On October 4th Pope Francis released his new encyclical Fratelli Tutti, indicating the direction for a post- pandemic world, which should be infused with a common fraternity. The Pope provides hope during hardship, but he doesn’t shy away from highlighting the drastic changes that need to happen in our society, especially in our economy and in the way we treated each other and our common home. The CIDSE network, engaged in solidarity actions and embracing principles of fraternity and love, have welcomed the new encyclical which underpins and hugely encourages our work.
CAFOD, CIDSE’s member in England and Wales, issued a press release including quotes from its director Christine Allen: “This encyclical is a radical blueprint for a post-coronavirus world. Now is the time to change the framework of our economic systems, through debt relief for the poorest countries, the reduction of inequality, and investment in local, green sustainable economic development.”
Cordaid, CIDSE’s member in the Netherlands published an article focusing on some of the key areas of Fratelli Tutti such as interconnectedness, the culture of walls, migrants and refugees, the concept of full citizenship.
Fastenopfer, CIDSE’s member in Switzerland issued a commentary by its director Bernd Nilles with Sandra Lassak and Markus Büker highlighting some of the key points raised by Fratelli Tutti such as the existing economic system as a cause of crisis, the dignity of every human being, the vision of a renewed church, the call for change and worldwide cooperation.
Manos Unidas, CIDSE’s member in Spain, published a reflection article stressing that the new encyclical of the Pope presents us with a renewed commitment in our fight for the common good. It encourages the work organisation to heal, care for, attend and above all rehabilitate the most impoverished, vulnerable, so that they can build their own future of dignity. It is an encouragement us to continue promoting a true change of consciences – an essential aspect to transform our suffering world – by placing authentic love for the other at the center of our actions.
Maryknoll, CIDSE’s member is the USA, issued a press release, a leadership statement and a study guide. Susan Gunn, Director of the Maryknoll Office for Global Concerns, said in the statement: “We welcome Pope Francis’ vision for a better world offered in Fratelli Tutti, and his call to encounter, dialogue, solidarity, peace and justice. We stand ready to do our part to bring about the necessary systemic change in our political, social and economic institutions for a more just and sustainable world for all our brothers and sisters.”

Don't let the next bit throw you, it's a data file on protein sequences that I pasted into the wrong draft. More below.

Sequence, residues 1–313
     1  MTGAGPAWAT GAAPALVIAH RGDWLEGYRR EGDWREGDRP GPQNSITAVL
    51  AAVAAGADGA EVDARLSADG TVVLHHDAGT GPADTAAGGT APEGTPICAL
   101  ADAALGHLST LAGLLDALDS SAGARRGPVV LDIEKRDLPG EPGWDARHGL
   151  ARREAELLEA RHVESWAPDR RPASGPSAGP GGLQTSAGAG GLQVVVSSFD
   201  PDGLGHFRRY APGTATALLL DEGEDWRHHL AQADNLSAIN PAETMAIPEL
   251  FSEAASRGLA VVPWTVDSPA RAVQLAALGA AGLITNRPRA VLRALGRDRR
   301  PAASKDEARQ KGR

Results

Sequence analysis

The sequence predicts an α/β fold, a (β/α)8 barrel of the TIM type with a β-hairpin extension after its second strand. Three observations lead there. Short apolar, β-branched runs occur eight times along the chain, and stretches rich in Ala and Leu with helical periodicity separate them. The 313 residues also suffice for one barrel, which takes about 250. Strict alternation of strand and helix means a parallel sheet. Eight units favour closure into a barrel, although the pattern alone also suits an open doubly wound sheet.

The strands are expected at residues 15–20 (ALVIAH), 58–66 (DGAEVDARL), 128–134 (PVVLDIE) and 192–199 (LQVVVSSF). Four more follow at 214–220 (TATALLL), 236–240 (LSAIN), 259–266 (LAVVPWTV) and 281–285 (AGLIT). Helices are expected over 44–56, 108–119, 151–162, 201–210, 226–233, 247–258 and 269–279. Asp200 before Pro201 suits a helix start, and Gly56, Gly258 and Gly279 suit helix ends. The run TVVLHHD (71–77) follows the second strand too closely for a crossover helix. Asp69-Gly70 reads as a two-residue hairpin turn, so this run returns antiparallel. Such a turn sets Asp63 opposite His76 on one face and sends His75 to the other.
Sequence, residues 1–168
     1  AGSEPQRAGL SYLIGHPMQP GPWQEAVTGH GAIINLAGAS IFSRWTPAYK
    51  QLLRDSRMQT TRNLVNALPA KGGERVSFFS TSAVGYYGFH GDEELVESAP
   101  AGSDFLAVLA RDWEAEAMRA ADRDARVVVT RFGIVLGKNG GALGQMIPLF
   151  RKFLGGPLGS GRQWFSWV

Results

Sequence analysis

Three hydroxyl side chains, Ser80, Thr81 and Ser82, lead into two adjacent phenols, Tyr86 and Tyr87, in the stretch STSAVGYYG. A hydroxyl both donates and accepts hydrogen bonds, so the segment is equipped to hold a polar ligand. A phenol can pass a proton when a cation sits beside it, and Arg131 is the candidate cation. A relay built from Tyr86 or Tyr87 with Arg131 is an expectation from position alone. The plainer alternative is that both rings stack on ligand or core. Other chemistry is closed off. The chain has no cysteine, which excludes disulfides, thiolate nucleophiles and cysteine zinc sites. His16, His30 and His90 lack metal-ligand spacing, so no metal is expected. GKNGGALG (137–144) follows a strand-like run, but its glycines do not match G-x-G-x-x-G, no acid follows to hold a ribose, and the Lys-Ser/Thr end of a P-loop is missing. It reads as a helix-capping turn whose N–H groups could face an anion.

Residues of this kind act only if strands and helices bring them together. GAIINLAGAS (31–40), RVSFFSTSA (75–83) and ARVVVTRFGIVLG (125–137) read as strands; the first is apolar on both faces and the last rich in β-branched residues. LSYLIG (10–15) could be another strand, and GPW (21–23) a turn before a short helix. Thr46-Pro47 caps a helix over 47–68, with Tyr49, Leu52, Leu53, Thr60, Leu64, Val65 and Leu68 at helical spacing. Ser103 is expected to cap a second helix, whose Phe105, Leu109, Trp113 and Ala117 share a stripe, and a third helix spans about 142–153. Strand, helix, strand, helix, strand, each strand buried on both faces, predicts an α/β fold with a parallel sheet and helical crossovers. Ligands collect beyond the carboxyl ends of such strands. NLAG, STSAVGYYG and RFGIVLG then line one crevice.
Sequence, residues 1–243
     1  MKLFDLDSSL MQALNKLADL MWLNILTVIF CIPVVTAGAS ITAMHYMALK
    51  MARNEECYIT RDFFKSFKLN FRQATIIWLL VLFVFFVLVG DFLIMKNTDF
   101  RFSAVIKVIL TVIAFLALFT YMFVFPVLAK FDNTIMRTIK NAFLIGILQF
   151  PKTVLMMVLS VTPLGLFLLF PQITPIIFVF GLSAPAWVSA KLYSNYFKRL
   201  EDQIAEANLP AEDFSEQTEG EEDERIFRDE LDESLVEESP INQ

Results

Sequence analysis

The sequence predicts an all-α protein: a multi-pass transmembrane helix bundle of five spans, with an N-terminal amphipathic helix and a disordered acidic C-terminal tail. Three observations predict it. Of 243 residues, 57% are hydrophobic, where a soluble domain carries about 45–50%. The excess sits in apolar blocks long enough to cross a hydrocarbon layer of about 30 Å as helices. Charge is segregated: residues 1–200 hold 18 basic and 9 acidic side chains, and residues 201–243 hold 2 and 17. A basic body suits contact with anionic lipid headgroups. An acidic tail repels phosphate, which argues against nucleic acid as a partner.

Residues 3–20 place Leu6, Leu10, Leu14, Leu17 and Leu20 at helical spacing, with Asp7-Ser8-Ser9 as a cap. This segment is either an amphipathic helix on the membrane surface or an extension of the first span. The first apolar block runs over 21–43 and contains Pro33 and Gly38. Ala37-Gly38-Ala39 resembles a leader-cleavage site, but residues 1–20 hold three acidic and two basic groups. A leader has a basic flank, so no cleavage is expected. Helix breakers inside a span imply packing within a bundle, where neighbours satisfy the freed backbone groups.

Misereor, CIDSE’s member in Germany, issued a commentary by Sandra Lassak and Markus Büker, reflecting on the symbolic place of Assisi chosen by the Pope to sign the encyclical, on the message of hope through cooperation that comes through the encyclical as well as on many other key elements of Fratelli Tutti.
Trócaire, CIDSE’s member in Ireland published an article by its director Caoimhe de Barra in which she wrote: “As the agency of the Catholic Church in Ireland working on justice and human rights in the developing world, Trócaire particularly welcomes the Pope’s thought-provoking guidance on subjects including universal human rights, conflict, the treatment of refugees and migrants, the rights of indigenous people and the need to actively pursue a ‘better’ form of politics. These are areas that Trócaire has worked on for many years and this encyclical provides further validation of that work.”
Lastly, Josianne Gauthier, CIDSE Secretary General published a blog , pointing out some of the key learnings from Fratelli Tutti: “what is clear throughout this reading is that new systems must be imagined, new ideas must be considered, new paths must be built, and the only way this will happen is if we open our hearts act together for justice, dignity, solidarity, and the common good. Peace will be possible “on the basis of a global ethic of solidarity and cooperation in the service of a future shaped by interdependence and shared responsibility in the whole human family.”